Regarding the issue of parameterization, the overall accuracy of classical force fields rests on a delicate cancellation of errors among the non-bonded energetic terms that are accounted for explicitly—such as permanent electrostatics and van der Waals (vdW) interactions—and their ability to implicitly account for the missing terms such as charge penetration (formally two-body) and the many-body effects in terms such as charge transfer, Pauli repulsion, dispersion, and polarization if any of these are absent from the force field. Another assumption is that while the individual non-covalent terms in the potential are parameterized separately, they are finely tuned together in a final stage to reproduce properties that are a function of all the terms together, such as total QM energies of molecular clusters or condensed-phase properties such as densities and heats of vaporization.^{46} For example, AMOEBA assumes isotropic, strictly atom-centered polarizabilities and furthermore assumes that atomic polarizabilities for use in condensed-phase simulations may be adequately parameterized by a fit to gas-phase molecular polarizabilities. It is realized that such polarizabilities must be subsequently more finely tuned, as in the case of AMOEBA’s water model, whose polarizability parameters, *α* (for O and H) and *a*, were further adjusted to better reproduce the QM energies of water clusters.^{22}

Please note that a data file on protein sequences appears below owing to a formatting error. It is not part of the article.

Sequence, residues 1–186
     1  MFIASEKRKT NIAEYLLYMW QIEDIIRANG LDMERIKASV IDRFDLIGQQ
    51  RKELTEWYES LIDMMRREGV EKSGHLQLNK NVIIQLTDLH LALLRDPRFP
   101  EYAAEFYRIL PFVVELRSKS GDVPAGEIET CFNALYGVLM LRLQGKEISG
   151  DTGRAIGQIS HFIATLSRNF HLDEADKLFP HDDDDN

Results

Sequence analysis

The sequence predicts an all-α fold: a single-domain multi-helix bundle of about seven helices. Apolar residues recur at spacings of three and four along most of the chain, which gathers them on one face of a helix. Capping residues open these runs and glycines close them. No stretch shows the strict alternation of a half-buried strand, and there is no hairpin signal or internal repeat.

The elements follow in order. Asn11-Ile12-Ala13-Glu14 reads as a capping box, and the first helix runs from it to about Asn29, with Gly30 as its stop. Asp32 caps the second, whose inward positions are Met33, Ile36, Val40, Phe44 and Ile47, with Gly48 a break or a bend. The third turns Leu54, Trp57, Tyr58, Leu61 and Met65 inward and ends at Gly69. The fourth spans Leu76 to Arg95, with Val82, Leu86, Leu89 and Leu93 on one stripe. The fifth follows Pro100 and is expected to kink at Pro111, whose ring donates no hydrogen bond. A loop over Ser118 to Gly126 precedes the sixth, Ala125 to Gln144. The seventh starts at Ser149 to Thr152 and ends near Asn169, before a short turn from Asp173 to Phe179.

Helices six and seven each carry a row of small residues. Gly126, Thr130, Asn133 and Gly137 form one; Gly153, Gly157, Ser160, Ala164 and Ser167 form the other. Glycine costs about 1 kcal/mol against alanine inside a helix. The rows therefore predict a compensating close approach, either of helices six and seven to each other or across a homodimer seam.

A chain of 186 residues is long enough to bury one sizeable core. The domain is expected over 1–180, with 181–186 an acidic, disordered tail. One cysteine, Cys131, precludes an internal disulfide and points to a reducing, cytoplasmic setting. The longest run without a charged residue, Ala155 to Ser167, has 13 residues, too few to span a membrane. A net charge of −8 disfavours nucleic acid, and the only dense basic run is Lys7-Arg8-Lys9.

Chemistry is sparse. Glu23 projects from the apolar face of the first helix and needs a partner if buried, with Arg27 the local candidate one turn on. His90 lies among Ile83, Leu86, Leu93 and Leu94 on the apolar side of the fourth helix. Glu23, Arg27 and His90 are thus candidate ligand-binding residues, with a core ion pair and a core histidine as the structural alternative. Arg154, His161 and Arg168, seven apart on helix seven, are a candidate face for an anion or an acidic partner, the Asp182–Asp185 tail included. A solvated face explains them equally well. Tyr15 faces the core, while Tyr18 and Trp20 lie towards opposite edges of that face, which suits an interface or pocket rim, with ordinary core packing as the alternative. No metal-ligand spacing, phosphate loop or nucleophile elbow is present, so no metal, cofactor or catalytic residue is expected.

Quantum mechanical calculations are used in part or in total^{9,11,23,47–54} to parameterize force fields as well as to appraise their quality. While the current practice of comparing total MM energies and forces to total QM energies and forces is helpful, it is desirable to be able to appraise the quality of individual non-covalent terms in the force field given its piece-wise nature. Energy decomposition analysis^{55–57} (EDA) is a means to decompose the QM interaction energy into chemically sensible terms that in some instances have direct correspondence to the non-covalent terms of force fields or can evaluate how physical effects not evaluated explicitly in dedicated force field terms are captured implicitly in other terms. Broadly speaking, EDA methods may be categorized into perturbative^{58–60} or variational approaches.^{55,61–68} While the asymptotic behavior of the components is usually (but not always) uniquely defined for a given level of wavefunction or density functional theory (DFT) for either type of EDA, the decomposition of the total QM energy into chemically intuitive components becomes more difficult to uniquely define in the regime where the electron densities of the different chemical species overlap. Nonetheless, many well-designed EDA schemes are able to yield chemically sensible decompositions in the overlapping regime.